tRNA genes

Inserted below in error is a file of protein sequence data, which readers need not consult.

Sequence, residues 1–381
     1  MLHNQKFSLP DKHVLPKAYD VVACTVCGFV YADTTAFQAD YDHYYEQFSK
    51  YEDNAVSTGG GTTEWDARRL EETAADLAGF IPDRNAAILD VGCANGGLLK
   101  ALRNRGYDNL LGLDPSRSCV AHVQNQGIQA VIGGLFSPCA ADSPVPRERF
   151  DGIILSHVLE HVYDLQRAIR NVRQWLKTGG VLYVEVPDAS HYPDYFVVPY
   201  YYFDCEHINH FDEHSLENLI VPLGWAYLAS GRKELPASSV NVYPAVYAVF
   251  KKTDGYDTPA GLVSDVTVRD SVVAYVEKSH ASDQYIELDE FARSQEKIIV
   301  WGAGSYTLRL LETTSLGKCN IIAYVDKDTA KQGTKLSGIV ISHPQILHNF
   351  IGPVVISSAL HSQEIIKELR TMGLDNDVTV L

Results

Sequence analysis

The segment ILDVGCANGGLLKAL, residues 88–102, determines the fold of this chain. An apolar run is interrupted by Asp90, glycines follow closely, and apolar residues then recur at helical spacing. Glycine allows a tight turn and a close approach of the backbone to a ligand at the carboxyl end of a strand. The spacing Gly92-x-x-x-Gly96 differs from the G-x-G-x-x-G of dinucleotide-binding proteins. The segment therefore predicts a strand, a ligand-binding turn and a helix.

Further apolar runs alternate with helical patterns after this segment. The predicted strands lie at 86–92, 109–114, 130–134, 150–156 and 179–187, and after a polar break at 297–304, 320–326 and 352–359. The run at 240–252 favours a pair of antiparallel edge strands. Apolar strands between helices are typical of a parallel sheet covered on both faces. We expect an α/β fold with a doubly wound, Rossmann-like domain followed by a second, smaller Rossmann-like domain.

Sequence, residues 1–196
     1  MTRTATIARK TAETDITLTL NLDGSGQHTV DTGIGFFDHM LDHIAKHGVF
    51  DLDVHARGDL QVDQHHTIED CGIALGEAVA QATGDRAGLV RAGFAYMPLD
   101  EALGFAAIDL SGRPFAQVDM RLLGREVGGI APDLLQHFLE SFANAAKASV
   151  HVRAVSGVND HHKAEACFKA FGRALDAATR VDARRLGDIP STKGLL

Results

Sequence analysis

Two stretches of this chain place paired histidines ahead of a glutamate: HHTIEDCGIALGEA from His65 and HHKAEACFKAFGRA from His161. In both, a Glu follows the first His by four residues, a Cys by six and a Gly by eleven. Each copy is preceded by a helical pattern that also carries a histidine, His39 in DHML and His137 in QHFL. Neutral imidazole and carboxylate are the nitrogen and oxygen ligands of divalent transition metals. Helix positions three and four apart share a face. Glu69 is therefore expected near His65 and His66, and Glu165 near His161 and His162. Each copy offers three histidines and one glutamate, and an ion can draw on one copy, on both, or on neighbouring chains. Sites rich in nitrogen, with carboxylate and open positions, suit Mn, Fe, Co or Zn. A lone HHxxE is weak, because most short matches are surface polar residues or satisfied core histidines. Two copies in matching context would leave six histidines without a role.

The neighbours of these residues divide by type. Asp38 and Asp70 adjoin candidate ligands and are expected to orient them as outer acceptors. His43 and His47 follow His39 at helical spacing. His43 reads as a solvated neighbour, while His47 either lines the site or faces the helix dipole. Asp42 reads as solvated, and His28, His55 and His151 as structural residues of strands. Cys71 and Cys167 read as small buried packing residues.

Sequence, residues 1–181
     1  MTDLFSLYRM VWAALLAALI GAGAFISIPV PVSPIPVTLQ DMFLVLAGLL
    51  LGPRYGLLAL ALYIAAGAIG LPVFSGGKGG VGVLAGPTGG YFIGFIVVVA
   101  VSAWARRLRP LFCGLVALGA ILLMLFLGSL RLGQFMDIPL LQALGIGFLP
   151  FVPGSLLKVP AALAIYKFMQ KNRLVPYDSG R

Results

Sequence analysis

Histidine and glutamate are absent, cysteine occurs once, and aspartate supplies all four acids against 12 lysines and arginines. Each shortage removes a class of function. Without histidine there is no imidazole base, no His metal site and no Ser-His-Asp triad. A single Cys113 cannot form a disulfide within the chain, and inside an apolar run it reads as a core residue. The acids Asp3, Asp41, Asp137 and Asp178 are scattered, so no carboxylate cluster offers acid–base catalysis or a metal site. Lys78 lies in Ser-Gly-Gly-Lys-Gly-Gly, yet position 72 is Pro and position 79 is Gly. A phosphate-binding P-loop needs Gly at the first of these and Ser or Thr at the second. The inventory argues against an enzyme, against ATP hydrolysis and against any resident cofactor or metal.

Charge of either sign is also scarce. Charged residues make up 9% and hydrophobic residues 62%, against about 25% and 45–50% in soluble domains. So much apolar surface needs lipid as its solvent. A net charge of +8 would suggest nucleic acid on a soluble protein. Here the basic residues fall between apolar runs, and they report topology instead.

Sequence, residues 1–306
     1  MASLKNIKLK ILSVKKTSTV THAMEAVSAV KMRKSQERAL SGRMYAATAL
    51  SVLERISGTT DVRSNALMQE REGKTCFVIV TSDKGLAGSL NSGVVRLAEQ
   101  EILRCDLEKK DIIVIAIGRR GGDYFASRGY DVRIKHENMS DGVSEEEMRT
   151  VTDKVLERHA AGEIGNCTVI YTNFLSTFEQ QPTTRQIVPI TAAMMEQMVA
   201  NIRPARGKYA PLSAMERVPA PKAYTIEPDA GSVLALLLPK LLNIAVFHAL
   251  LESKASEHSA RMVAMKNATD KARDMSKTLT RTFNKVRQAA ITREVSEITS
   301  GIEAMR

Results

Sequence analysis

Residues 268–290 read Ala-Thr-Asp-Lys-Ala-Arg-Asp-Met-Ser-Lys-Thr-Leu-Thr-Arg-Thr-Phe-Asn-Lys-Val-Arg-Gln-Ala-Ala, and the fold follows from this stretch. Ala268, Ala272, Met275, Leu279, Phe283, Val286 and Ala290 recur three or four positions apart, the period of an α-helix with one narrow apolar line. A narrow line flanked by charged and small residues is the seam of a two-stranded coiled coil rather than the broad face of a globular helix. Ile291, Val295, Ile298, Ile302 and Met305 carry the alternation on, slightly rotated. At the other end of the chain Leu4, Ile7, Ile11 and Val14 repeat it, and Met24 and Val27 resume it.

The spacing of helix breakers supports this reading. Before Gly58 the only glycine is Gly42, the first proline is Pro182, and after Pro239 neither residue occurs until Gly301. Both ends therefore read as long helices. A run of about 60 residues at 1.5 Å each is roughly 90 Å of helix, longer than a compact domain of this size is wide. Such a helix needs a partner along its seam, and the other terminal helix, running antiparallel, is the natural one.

All natural yeast chromosomes contain one or more yeast tRNA genes, or tDNAs. We are testing the effect of removing all tDNAs from the synthetic chromosomes and re-locating them to a separate “neochromosome”. The strategy here is to encode all tDNAs from a particular chromosome on a centromeric plasmid so that once synthetic chromosome incorporation in yeast is complete the balance of tDNAs will be identical to the starting strain. Re-location of tDNAs is important because they are hotspots for transposition and genome rearrangements. As such, the synthetic chromosomes may well be quite resistant to such recombinational events relative to normal chromosomes, and generally produce a more stable genome. We refer to the tDNA “neochromosome” as the “party chromosome” because we expect the tRNA genes to be unstable, however this instability will be isolated from the synthetic chromosomes.  This neochromosome or chromosome “tDNA block” will grow as the synthesis project proceeds.